and principles
With cradle-to-grave analysis of the full costs
and benefits of all agricultural, forestry, and
manufactured products and processes
By basing policy, ethics and actions on
processes and products that maximize the
long-term net return to all of society
Forests, Farms and
Ecosystem Services
•Farmers and foresters are the major land
managers of the earth
•Current incentives are to produce crops at
lowest price, ignoring costs to ecosystem
services
We could maximize total return to society
by paying land managers for the value of
both the goods and ecosystem services
they provide.
USDA-ARS
New York City and Catskill Water Production
New York City invested $2 billion to
preserve the watersheds of the
Catskills and their ecosystem
services.
This is saving $1 Billion per year.
Steve Carpenter, U Wisconsin
Optimizing Ecosystem Services
Forested ecosystems
remove and store
some of the carbon
dioxide released
by fossil fuel use
Colors depict sources of CO2 emissions:
white, light of cities;
red, forest & agricultural fires;
yellow, gas flares.
Source: Gene Feldman, NASA; W.T. Sullivan,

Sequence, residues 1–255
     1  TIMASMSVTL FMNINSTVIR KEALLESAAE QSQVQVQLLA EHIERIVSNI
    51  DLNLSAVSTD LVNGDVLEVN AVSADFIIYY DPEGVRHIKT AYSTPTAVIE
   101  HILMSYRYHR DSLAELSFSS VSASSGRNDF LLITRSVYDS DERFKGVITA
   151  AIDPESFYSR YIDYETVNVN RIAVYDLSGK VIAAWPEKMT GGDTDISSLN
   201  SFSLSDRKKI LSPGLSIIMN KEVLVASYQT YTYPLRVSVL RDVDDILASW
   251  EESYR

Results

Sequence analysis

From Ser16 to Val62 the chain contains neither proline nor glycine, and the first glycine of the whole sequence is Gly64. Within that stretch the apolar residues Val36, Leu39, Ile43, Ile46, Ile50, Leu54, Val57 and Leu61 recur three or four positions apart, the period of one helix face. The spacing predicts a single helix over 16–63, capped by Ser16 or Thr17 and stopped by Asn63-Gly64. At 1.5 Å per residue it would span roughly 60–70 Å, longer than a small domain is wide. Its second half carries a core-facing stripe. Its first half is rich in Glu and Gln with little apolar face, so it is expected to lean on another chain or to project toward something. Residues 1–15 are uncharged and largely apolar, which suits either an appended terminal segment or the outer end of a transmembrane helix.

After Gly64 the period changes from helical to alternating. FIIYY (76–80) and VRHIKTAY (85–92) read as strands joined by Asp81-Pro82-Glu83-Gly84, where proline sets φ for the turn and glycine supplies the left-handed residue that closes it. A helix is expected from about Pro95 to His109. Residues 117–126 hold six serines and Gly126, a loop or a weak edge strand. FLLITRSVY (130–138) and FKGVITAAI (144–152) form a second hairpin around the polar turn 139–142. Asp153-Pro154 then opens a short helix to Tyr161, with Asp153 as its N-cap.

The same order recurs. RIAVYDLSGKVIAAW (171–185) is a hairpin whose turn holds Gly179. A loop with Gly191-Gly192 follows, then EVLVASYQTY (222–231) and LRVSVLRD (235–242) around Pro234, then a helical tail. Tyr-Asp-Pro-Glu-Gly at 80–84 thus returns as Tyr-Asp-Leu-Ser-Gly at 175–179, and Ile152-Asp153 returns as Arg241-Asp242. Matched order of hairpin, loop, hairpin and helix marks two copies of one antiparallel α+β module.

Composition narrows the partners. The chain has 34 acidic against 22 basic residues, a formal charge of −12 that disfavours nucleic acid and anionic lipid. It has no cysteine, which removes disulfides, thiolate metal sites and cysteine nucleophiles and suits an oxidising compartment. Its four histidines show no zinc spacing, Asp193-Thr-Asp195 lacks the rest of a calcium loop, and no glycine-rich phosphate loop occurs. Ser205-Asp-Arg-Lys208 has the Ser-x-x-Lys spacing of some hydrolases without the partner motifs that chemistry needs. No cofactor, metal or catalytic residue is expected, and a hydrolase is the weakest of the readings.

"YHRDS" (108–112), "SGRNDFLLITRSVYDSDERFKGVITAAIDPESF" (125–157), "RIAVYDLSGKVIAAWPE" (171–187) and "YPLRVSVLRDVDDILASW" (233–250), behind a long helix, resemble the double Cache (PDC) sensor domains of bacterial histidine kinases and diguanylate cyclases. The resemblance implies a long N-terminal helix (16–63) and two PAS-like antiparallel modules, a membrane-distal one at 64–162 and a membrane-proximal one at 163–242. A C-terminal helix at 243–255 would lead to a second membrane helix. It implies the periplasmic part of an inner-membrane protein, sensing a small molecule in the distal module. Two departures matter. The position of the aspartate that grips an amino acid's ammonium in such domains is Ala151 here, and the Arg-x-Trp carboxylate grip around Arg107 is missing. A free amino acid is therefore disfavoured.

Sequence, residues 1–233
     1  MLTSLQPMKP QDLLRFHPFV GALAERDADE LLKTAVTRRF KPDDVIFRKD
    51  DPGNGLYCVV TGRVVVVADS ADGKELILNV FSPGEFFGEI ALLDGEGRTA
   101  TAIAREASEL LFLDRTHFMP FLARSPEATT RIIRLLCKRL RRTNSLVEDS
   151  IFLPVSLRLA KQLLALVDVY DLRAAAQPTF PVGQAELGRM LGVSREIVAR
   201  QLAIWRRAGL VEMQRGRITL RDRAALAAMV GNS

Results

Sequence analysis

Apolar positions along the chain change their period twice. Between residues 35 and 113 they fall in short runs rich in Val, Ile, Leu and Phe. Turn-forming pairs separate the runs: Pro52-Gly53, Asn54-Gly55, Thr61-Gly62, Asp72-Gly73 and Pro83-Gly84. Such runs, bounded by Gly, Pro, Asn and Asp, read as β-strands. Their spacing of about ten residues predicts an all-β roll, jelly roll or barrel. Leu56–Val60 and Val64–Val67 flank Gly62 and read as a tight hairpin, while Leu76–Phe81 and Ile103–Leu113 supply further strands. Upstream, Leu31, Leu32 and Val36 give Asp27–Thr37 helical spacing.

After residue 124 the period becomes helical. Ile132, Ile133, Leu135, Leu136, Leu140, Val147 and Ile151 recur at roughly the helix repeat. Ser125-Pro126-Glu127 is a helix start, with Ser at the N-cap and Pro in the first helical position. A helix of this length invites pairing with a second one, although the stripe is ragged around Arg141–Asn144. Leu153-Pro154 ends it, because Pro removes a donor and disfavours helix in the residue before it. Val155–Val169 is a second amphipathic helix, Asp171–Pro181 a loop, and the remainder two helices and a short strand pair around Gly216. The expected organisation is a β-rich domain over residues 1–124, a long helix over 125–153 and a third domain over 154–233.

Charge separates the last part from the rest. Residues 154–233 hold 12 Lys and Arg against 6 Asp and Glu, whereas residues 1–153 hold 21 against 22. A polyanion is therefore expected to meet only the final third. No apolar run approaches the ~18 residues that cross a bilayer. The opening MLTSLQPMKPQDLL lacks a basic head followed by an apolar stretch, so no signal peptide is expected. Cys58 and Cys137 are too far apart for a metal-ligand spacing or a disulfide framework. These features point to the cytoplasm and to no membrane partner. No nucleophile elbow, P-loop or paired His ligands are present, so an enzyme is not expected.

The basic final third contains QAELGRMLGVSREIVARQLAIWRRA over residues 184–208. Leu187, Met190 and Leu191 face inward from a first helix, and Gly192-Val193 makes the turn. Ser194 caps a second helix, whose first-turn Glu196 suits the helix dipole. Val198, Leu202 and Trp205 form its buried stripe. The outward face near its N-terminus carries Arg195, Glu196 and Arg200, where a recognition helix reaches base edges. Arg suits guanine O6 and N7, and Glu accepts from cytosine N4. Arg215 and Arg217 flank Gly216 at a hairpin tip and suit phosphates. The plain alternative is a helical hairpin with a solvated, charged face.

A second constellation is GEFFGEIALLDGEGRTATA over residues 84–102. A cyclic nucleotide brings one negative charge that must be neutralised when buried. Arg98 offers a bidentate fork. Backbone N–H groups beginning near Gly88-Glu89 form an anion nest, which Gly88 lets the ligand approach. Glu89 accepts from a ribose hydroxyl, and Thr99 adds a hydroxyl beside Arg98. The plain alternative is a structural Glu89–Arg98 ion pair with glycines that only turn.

III, University of Washington; Defense
Meteorological Satellite Program of USAF
How much more Carbon could be
stored in diverse forests?
Grasslands with 16 species store 2.7
times more Carbon than mono-cultures.
John Aber, U. New Hampshire
Three grasses – Corn, Wheat and Rice –
provide 60% of human caloric needs.
photo credit: USDA-ARS
Irish
Potato
Famine
Low Crop
Diversity:
Ireland
Depended
On One
Strain of
One Crop
Illustrated London News
Genetic Diversity
in Seed Banks and
Nature is Used to
Fight New Diseases
North Central Regional
Plant Introduction Station
Ames, Iowa
Northern Corn Blight
C. Martinson, Iowa State U.
Gary Munkvold, Iowa State U.
The Three Most Abundant Plants
On Earth – Corn, Wheat, Rice –
Hosts for New Pathogens?
photo credits: USDA-ARS
Crop Strength Through Diversity